We all know that there are many output factors that can affect color (heat, resolution, ink limit, profile, spot colors, etc.) There are also factors on the input side (occurring before you even bring a file into queue) that will influence the way the colors in a file will print. Creating a synchronized color works pace within your design software will give you the best chance of having predictable color across different design platforms and file types.
If you are working with Adobe® CS (Creative Suite®) or CC (Creative Cloud™), it’s important to note that these applications come defaulted with “North American General Purpose” 2 color settings and will not prompt you to change the color space if you open a different type of file. To be consistent with the “Prepress US” default in VersaWorks, we recommend changing the color settings to “North American Prepress 2.”
To synchronize your color spaces, follow these simple steps:
- Open the “Edit” menu in Adobe Bridge and click on the “Creative Suite Color Settings” tab.
- Scroll down to “North American Prepress 2” and click apply.
- Your color settings will now be synchronized through all of your Adobe applications (AI, PS, ID) to have the same color works pace as Prepress US in VersaWorks. You’ll also now receive prompts when a file you are opening or pasting into your chosen Adobe program has a missing or mismatched profile.
The Roland Texture Library, included with Roland VersaWorks® RIP software, allows VersaUV® users to choose from more than 70 unique patterns and textures – all printed by layering clear ink. You can also create your own patterns by using a grayscale image as texture data.
In some cases, printing CMYK first, followed by the pattern with clear ink, may not produce the expected results. This is because of the glossy effect that clear ink will always produce. Additionally, because clear ink isn’t completely transparent, it can sometimes affect the underlying color. If you want to keep the normal matte look of the CMYK print and still get the texture effect, you can simply print the texture first (using the clear ink) and then put the color image on top.
This versatility is praised by many graphic designers, as it allows them to explore multiple design options before going into production. For more Tips & Tricks on Roland VersaUV technology, please click here.
As senior graphic designer for Roland DGA, Priya Garcia is responsible for designing a wide range of materials, from product brochures and advertisements to print files, samples and wide-format trade show graphics, for each of the company’s product lines. With more than 20 years of graphic design experience, she has in-depth knowledge of design and production processes for both print and electronic mediums. She is also an experienced presenter and former graphic design instructor at the college level. Priya will be contributing to the Tips & Tricks blog based on her design work at Roland.
In the past year, the Roland DGA corporate office underwent a major renovation and build-out that wrapped up last month. The construction left us with one VERY long hallway; 170 linear feet to be exact.
My challenge (accepted!) was to create a design for the space.
I had to keep a few things in mind while planning for the project. The hallway presented a number of obstacles with no windows, a drop ceiling with fluorescent lights, and lots and lots of solid blank walls. Also, I was given freedom to have some fun with the space because of the location of the hall, so I wanted to treat it a bit differently than the other areas I had designed for.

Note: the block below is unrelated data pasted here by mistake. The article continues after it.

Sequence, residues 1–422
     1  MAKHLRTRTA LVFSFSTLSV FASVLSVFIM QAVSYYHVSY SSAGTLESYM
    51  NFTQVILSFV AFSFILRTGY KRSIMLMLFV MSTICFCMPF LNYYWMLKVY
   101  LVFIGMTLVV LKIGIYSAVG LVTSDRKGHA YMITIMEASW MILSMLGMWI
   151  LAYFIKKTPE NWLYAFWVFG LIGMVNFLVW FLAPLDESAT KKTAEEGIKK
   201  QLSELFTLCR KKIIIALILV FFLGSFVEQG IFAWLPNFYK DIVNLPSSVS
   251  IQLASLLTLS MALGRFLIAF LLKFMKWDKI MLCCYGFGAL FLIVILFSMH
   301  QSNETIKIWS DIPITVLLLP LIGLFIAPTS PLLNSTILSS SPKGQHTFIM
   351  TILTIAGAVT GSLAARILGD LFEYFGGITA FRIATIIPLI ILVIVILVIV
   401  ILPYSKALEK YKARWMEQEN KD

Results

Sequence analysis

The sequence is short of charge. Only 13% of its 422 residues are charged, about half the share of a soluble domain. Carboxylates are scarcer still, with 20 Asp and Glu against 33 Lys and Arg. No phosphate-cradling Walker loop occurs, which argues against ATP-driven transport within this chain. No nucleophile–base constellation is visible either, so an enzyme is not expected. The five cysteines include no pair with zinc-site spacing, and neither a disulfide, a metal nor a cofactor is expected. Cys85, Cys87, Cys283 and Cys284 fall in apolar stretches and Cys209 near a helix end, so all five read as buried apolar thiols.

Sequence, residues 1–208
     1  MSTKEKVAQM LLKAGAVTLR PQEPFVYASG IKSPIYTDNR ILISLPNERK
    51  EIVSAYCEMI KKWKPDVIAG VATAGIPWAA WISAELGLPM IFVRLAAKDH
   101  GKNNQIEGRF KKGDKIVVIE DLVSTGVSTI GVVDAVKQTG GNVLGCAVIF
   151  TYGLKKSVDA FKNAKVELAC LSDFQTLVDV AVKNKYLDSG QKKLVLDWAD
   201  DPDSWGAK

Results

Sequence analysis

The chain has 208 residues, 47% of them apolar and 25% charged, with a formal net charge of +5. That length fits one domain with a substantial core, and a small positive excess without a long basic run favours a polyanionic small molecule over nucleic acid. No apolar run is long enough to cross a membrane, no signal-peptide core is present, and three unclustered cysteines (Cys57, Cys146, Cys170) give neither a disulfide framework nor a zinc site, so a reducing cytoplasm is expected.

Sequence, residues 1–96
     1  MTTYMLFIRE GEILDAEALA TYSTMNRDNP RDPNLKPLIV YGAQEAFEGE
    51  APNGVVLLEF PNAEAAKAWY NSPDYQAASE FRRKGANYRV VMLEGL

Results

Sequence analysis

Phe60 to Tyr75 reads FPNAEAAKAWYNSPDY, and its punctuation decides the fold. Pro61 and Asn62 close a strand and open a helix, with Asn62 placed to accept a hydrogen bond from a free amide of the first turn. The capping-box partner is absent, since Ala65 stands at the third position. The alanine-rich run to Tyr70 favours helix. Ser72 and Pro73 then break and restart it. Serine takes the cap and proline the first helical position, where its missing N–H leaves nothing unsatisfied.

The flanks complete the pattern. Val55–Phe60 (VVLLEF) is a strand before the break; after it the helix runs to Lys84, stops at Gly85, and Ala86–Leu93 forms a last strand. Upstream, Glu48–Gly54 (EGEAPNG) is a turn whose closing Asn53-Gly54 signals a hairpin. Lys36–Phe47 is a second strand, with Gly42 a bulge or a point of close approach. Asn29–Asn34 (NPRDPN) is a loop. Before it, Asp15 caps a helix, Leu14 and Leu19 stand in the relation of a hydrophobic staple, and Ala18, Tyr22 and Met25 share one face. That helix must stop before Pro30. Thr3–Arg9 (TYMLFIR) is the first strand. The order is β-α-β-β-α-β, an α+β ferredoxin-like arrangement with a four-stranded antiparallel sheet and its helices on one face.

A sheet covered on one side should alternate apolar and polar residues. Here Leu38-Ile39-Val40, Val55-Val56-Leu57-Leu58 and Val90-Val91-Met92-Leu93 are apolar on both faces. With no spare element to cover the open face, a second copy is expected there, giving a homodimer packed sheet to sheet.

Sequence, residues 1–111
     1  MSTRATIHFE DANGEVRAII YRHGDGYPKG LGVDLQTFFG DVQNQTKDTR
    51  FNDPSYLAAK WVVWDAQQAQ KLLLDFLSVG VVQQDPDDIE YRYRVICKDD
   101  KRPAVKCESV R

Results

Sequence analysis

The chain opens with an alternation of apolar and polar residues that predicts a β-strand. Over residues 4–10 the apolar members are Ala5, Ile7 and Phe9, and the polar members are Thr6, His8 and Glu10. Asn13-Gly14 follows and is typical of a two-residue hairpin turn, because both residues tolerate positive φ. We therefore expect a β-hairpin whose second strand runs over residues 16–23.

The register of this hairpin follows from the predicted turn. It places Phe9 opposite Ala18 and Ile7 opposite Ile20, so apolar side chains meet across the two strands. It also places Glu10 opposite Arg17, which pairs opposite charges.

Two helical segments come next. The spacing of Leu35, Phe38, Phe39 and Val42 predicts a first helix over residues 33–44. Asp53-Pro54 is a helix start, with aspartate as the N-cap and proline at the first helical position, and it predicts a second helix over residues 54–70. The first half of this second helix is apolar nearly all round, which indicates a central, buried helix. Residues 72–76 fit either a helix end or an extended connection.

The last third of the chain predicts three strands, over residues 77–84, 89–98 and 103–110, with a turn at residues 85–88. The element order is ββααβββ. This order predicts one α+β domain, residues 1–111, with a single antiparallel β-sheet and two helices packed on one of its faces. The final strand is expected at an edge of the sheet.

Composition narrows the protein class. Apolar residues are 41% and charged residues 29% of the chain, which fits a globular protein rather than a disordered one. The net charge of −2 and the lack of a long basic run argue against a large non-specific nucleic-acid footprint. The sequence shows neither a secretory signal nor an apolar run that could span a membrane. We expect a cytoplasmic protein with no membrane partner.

My solution was a space that would tell a story and also help Roland employees connect with the larger company as a whole. After brainstorming with some of my co-workers, I decided to design a gallery space that would feature abstract photography of everything Roland.
I recruited a small team of talented Roland employees to take photos all around our building, capturing everything from product parts to office supplies. I then used these images to design 49 unique floor-to-ceiling panels, that would all be printed, of course, on Roland devices.
To add variety, I planned to print the panels on two different Roland printers and arrange them in an alternating pattern. Half of the graphics would be printed on Roland WallFlair Removable Fabric™ with the SOLJET® PRO 4 XR-640 and applied directly to the wall. The other half would be produced on ½” Ultraboard with the VersaUV® LEJ-640, and then mounted to the wall with 2”standoffs.
Along the opposite wall, I placed 19 30” x 30” framed canvas prints that would also be produced on a Roland inkjet. Using full-size graphics on both sides would have made the hallway feel even more long and narrow, so we balanced the large images on one wall with smaller framed art on the other. As finishing touches to the design, I added some benches throughout the hall.
The best way for me to share my work on projects like this is to do a Photoshop® mockup of the final design. This helps me share my vision everyone involved. It also helps me refine my design because I might see something along the way that I want to add or tweak. Changes are much less expensive and time consuming when caught here rather than in the production process!
Once the design was approved, we were ready for setup and production. To determine the sizes that we needed and what the graphics would look like in position, I created a layout in Adobe® Illustrator®. This allowed me to work out the kinks and prepare my print files. I then sent our big-scale, high quality photographs to print, which took two full days on the XR and four days on the LEJ.
Once production was completed, a team of two worked for three days to apply and mount the graphics. As you can see by these finished photos, the end-result came out almost exactly like my mock-ups, and my work on “The Longest Hallway in the World” was complete – a beautiful and functional space, full of color and Roland culture.
One of the greatest advantages of UV ink is its compatibility with a wide variety of substrates. Unlike solvent or water-based inks that react with the surface or get absorbed by the coating, UV ink sits on the surface and bonds to it just like an adhesive. A number of factors, including the finish and composition of the surface and the amount of ink being used, can affect the strength of this bonding.